Tuesday, November 30, 2010

From the No Kill Nation

We can fully, completely, and without reservation embrace No Kill as our future. Or we can continue to legitimize the two-pronged strategy of failure: adopt a few and kill the rest. It is a choice which history has thrown upon us. We are the generation that questioned the killing. We are the generation that has discovered how to stop it. Will we be the generation that does?
- Nathan Winograd


  1. Anonymous1:42 PM

    From everything I have read of Nathan Winograd this quote is completely the opposite of his philosophy:

    As part of the contract with the Municipality - Homeward Bound should be an open admission facility. They should be accepting any and all animals brought to them. And they don't. And that is wrong. AND they should be no kill - which doesn't mean that they don't kill (of course) - it just means that they have policies and protocols in place so that any treatable and saveable animals - are saved.


    Have you spoken with Andrea MacDonald of Animal Services about this? Is this fact? I can certainly phone her for some information.

    Angela Granchelli

  2. Are you kidding me, Angela? I think we must be reading different Nathan Winograd books then.

  3. Anonymous2:27 PM

    I could be mixing things up and when I have some more time later on today I will see what I can find. I do remember distinctly when I was volunteering with the SPCA in Cape Breton and liaising with the provincial SPCA that there was much talk that an open admission policy was simply a way to send a message to the public that we would happily accept all their mistakes. If it is not an idea attributed directly to Nathan my apologies for the error as I am multitasking but I do believe that simply accepting animals with open arms from anyone who wants to dump them is recipe for abuse from the public. I would be interesting to know official policy from our Animal Control and other municipalities. The SPCAs that I have had experience with who had animal control contracts have not been simply able to accept anything that came through their doors.

    Overpopulation is a symptom of irresponsible breeding, lack or pet retention, and failure to spay or neuter.

    As for the pet retention, as I said accepting pets with an open door policy promotes irresponsibility in my opinion.

    It doesn't matter who has the contract. Animal Services make the rules. So a quote from Andrea would be useful.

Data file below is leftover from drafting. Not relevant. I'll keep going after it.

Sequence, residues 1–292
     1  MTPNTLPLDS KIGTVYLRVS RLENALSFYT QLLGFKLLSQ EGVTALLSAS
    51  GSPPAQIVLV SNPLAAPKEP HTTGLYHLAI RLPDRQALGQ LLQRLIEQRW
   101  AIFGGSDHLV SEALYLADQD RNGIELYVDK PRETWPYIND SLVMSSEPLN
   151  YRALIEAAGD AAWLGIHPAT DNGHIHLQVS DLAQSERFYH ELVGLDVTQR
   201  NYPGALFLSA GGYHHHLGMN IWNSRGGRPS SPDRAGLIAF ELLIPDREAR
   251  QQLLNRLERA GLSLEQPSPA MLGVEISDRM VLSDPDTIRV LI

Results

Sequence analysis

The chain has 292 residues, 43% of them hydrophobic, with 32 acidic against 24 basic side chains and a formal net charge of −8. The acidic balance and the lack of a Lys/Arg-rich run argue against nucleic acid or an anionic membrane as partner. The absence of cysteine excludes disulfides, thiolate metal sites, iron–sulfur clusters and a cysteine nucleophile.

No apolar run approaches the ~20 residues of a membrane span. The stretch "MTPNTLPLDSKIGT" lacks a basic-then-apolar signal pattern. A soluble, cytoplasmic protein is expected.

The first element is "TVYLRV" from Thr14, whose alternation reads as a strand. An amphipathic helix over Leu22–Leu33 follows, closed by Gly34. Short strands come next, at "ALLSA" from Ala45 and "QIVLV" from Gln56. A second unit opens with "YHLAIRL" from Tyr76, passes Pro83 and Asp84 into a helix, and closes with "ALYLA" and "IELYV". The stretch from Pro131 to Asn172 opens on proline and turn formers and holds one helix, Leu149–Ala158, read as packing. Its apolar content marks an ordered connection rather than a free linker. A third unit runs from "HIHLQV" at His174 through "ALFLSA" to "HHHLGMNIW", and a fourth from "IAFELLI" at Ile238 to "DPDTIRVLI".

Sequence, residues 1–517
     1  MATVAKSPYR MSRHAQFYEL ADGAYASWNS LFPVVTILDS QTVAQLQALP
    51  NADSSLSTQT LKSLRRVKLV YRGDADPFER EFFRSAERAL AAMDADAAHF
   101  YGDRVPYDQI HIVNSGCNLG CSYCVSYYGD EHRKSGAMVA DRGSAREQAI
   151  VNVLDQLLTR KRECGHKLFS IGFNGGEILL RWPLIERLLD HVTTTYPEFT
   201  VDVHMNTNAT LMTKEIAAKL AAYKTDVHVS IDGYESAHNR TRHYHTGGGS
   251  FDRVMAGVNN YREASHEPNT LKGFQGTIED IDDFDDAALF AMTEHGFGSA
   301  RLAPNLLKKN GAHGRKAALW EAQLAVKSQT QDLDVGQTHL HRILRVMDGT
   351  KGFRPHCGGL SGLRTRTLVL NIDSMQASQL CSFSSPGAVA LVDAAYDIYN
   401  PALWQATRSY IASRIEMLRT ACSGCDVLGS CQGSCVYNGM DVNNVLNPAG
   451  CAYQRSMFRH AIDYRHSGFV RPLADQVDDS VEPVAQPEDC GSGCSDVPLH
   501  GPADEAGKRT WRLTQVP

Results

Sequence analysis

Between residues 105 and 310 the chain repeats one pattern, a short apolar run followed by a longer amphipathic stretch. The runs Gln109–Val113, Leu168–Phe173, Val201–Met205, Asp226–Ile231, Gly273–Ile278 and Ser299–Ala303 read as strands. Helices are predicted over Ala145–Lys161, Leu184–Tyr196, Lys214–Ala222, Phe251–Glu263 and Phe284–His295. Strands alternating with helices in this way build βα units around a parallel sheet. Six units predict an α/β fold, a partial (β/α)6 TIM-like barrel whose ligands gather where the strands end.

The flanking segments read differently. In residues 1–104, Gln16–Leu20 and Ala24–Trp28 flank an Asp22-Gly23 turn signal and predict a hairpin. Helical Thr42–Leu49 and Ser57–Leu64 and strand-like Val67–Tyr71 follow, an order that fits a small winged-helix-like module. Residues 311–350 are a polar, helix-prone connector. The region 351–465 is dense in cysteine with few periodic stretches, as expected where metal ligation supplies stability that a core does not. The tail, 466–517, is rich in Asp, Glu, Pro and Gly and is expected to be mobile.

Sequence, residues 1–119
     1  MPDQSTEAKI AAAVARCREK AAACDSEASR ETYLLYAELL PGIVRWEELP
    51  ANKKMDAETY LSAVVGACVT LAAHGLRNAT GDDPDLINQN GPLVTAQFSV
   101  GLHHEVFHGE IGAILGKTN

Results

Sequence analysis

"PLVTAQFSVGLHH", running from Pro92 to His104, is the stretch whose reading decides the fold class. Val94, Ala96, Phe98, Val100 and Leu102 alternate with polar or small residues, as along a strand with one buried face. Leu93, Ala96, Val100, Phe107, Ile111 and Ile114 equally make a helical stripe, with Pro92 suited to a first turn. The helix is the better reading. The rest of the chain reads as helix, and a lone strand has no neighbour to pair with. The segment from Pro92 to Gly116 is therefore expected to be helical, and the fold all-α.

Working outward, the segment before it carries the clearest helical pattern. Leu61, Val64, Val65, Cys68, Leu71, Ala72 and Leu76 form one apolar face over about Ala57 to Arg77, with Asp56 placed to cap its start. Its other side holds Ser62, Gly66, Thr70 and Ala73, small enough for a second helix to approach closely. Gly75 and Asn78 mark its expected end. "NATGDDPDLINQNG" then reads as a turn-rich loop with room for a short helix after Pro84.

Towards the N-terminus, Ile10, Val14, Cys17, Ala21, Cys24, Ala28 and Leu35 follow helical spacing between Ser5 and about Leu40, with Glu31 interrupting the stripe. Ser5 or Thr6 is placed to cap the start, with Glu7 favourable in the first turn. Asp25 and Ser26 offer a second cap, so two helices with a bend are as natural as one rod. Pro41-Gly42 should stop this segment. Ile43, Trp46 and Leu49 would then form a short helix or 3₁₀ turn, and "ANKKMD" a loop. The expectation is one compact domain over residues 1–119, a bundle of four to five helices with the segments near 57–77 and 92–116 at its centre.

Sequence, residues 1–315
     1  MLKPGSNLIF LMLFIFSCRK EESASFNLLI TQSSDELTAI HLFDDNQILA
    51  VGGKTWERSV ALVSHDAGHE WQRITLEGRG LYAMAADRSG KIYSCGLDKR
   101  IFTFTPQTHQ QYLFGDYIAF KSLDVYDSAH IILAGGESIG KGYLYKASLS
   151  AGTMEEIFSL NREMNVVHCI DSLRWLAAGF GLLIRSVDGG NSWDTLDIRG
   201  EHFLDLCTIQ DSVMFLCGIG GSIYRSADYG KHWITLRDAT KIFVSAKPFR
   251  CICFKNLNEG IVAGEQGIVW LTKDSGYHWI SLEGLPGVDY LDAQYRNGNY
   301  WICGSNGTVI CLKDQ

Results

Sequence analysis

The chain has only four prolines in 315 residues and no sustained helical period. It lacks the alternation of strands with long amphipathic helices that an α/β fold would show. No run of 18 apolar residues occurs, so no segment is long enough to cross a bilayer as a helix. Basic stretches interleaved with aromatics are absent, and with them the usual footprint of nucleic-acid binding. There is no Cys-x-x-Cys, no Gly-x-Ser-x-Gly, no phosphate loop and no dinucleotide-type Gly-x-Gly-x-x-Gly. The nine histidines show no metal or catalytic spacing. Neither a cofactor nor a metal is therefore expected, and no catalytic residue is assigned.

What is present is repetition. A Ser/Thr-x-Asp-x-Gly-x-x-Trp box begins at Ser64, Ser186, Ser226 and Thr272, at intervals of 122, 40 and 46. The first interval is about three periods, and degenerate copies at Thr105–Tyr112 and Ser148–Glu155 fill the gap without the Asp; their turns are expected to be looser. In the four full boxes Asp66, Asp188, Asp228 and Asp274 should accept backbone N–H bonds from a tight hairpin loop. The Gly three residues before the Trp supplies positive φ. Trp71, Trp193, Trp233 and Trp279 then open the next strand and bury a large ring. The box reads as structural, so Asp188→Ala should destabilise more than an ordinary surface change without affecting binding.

Angela Granchelli

  4. Anonymous2:42 PM

    There are some very interesting things in the section here called "limited admissions"


    Nobody wants no kill more than me but sometimes it's a bit of a smokescreen and manipulation of statistics. I had a direct issue with the SPCA last summer who refused to take two dogs who were alone in an apartment building while their owner was in the hospital with brain cancer never to come out. They didn't want to take the dogs because it could be demoralizing for the staff if they had to be euthanized and bad for their statistics. I was told this in the first person. They were threatened with the media, and took the dogs after being threatened.

    Both were adopted to my knowledge but it was quite a battle to get them admitted.

    They were a no kill shelter at time of this incident.

    Angela Granchelli

  5. "“Open-admission” (also known as “open-intake”) shelters are obligated to take in strays (either serving as animal control themselves or accepting strays from animal control) and animals surrendered by people who live in the area served by the shelter — in other words, these shelters cannot pick and choose what animals they take in or how many animals they take in.

    “No-kill” shelters are ones that maintain a 90% or better live release rate. That is, 90% or more of the animals that come into the shelter leave it alive, whether they go to an adoptive home, a rescue, or are returned to their owners.

    More and more shelters are managing to be both open-admission and no-kill, which is a revolution in animal sheltering."

    ~ No Kill Communities blog,
    "This blog tracks open-admission no-kill shelters."

    An open-admission shelter/animal control may or may not accept owner surrendered pets.

    For example, Calgary Animal and Bylaw Services does not accept owner surrenders (not that it's a certified no-kill facility, just an example). Owner surrenders there are handled by the Calgary Humane Society, which has pet retention programs. Reference - http://www.no-killnews.com/?p=1750

    Best wishes